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OCDCA releases 2017 annual report

Group photo after the Friday morning Member Awards Breakfast at the 2017 OCDCA Annual Conference in Toledo, October 5-6.

The Ohio CDC Association (OCDCA) is a statewide membership organization that fosters vibrant neighborhoods and improves the quality of life in all communities through advocacy and capacity building of our member agencies.

OCDCA has just released its 2017 Annual Report.

Special thanks to our members, partners, sponsors, and funders for supporting us through 2017.

You can read the annual report on our website. While there, you can subscribe to receive our newsletters to learn about these things first and consider a donation to strengthen the work of the OCDCA network.

We look forward to continuing our work with all partners, funders, and members. We had a great year and are looking forward to an even better 2018!




Approaching partnerships between health care institutions and community development organizations

Amanda Abrams for Shelterforce:

The shift has been unmistakable: health care organizations are increasingly focusing on upstream factors that affect their patients’ health. To some degree, that shift is the result of state and federal legislation, particularly the Affordable Care Act, which regulates nonprofit hospitals’ preventive care activities. But it’s also just common sense. Addressing patients’ big-picture realities—that is, the social determinants of health like housing, job creation, and food security—can have deep impacts on their day-to-day health and the interventions that are needed.

That new mindset has been a boon to many community development organizations, whose target populations—low-income groups—often tend to be frequent hospital users. The result has been a wide range of collaborations between community development groups and health care institutions that have sprung up around the country. In many cases, the partners have jointly determined that the community’s health problems could be mitigated through the provision of safe, healthy, affordable housing, often making housing development and rehab a front-and-center priority.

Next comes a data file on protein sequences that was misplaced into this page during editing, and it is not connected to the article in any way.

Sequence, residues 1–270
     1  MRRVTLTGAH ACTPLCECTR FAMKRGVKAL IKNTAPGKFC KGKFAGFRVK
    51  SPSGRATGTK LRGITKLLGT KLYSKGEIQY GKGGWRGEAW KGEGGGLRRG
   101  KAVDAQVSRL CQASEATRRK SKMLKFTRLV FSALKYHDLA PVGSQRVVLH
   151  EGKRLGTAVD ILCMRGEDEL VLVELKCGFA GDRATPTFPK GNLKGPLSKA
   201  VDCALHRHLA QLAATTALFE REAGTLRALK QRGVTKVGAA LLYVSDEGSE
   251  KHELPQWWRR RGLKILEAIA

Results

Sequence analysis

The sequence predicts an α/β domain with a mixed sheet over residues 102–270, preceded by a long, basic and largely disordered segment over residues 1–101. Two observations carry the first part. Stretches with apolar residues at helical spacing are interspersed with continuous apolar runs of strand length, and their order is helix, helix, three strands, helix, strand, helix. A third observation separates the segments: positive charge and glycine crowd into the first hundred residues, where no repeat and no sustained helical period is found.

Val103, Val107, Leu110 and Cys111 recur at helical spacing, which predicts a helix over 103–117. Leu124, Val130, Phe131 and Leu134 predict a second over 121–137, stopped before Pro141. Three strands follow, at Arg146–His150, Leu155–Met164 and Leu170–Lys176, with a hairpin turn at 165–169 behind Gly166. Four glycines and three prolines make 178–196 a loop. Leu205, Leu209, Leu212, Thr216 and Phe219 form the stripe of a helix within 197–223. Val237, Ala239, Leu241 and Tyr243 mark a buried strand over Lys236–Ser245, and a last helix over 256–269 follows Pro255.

It’s a win-win situation: health care institutions save money as patients’ chronic conditions and repeat visits are reduced, while community development groups locate new sources of funding that can further their missions.

Read more in Shelterforce (and subscribe while you’re there!). You’ll hear about OCDCA members LISC of Greater Cincinnati and Northern Kentucky and East Akron Neighborhood Development Corporation.


Empowering Communities RFP now open

Ohio boasts a strong reputation for innovation combined with heart. The diverse nature of the state includes eight urban centers, sprawling Appalachian counties, countless suburban towns, and rural communities. As a result, Ohio serves as an economic, cultural, and political microcosm of the United States. That translates into being a hotbed of activity for test markets and pilots of all kinds.

Social issues and solutions are the key to economic growth and community stability. We are eager to leverage more than 200 outstanding Ohio CDC Association (OCDCA) community development organizations to accelerate and implement next-generation social innovation.

Empowering Communities Grant Challenge

Ohio CDC Association and the CareSource Foundation are tackling this head-on by launching the Empowering Communities Grant Challenge.